The security of the Bitcoin network has been criticized on several occasions, but the flagship cryptocurrency remains unscathed. However, innovations continue and crypto industry leaders are now supporting an initiative from the Massachusetts Institute of Technology’s (MIT) Digital Currency Initiative (DCI) that seeks to enhance the bitcoin network’s security.
Dubbed the “Bitcoin Software and Security Effort,” the open-source initiative will promote research that strengthens the Bitcoin network’s defenses. The efforts are being backed by crypto industry leaders like Gemini’s Cameron and Tyler Winklevoss, MicroStrategy’s CEO Michael Saylor, Square CEO Jack Dorsey, and major European digital asset manager, CoinShares.
In its blog post the DCI outline that Bitcoin’s growth from an “obscure cryptographic toy” to a robust network that “secures on the order of $1 [trillion] of value” was the result of millions of hours invested into developing the blockchain network by open-source developers.
To support this initiative, Coinshares has announced a $500,000 donation to the project. The company’s chief executive Jean-Marie Mognetti has urged other crypto companies to follow.
“As a beneficiary of the work of hundreds of developers who secure, upgrade, and maintain the open-source protocols that underlie the Bitcoin network and the applications built on top of it, we believe for-profit firms in the digital asset industry have an obligation to fund independent, neutral development efforts and research that advances the mutual interest of all ecosystem participants.”
The four-year research and development program expects to “harden the Bitcoin network and steward the industry’s commitment to funding open-source software,” the announcement added. A part of the post reads:
“The objective of DCI’s new program is to contribute neutral, expert resources to improving the robustness of the Bitcoin protocol. Bitcoin’s security is foundational to the underlying technology’s continued evolution, as well as the broad realization of the public-good promises of digital currencies.”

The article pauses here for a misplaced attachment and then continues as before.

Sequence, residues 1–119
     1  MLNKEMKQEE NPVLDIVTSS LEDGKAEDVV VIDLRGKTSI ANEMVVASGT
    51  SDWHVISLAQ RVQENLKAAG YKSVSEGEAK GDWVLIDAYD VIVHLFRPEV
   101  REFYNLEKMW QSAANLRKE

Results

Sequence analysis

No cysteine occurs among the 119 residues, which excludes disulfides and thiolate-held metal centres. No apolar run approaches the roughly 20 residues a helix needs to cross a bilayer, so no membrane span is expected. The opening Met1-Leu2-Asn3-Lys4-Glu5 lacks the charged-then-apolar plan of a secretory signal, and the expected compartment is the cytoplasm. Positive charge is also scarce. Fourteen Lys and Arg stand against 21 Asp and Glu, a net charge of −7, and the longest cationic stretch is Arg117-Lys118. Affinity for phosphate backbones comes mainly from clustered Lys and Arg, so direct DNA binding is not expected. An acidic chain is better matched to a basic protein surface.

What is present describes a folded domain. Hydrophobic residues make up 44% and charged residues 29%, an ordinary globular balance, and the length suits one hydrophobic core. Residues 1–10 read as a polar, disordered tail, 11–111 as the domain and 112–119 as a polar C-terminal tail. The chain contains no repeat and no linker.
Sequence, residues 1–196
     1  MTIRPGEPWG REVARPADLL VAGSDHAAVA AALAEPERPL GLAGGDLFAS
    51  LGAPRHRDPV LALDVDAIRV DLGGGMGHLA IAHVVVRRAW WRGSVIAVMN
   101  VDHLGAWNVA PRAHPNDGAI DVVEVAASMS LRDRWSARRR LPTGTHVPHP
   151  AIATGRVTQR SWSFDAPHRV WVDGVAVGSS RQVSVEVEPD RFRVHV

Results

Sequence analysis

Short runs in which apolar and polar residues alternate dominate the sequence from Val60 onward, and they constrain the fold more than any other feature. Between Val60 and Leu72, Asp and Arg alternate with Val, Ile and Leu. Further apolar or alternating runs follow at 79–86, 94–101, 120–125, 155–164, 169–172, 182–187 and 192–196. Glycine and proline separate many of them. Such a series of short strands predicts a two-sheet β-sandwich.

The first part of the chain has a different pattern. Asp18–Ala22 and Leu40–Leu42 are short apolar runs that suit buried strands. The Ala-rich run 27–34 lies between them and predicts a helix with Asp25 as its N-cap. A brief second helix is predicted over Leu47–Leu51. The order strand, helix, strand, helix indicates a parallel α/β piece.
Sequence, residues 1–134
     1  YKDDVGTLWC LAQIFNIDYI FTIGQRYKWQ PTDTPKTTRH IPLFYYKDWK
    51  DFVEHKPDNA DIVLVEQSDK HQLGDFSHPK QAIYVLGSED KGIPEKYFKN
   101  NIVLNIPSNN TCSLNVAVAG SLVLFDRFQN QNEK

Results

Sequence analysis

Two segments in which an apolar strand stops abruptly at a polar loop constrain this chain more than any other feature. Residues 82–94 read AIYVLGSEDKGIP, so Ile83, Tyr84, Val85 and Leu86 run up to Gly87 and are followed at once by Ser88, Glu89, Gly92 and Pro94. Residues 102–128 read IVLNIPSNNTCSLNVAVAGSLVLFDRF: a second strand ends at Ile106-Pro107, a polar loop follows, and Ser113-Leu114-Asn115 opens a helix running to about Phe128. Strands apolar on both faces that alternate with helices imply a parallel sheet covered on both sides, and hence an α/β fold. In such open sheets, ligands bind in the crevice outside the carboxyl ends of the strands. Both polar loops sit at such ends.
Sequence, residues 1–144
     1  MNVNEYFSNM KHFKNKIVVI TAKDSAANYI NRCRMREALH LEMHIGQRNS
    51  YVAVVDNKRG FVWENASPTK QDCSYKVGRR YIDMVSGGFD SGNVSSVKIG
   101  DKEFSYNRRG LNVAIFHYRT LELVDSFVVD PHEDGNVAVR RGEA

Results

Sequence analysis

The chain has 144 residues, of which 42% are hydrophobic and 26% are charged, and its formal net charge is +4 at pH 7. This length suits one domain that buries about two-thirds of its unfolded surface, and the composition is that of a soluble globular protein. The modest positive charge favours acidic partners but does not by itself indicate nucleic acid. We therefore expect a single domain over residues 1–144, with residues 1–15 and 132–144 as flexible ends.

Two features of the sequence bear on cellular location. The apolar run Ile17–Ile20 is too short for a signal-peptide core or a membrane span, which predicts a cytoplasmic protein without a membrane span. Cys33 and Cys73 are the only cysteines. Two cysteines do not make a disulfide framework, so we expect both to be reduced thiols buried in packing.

The announcement outlined various issues that MIT seeks to address. Some of these include sustaining a senior team of Bitcoin developers, exploring new programming languages, and pre-emptive investigations against possible attacks.
MIT has also stressed that the network’s security must be strengthened, citing increasing adoption, noting the various challenges associated with coordinating a decentralized network:
“Unlike traditional assets, Bitcoin is software running on a decentralized network. Bitcoin’s security is predicated on the accuracy and robustness of the software and hardware running it, and the actions of those participating in the network.”
Previously, DCI researcher James Lovejoy has voiced concerns regarding the risks of a 51% attack. He believes the changes of a bad actor capturing a majority share of nodes and controlling the bitcoin network could be much more plausible than previously thought. Hence, he has stressed the need for active blockchain monitoring:
“You need an active observer to be monitoring the network to check whether or not an attack occurs.”
“Up until now, we’ve been reliant on victims to tell us about whether they’ve been attacked. As you can imagine, if this results in insolvency or a loss of user funds, victims are often not super interested in revealing when an attack has taken place,” he added.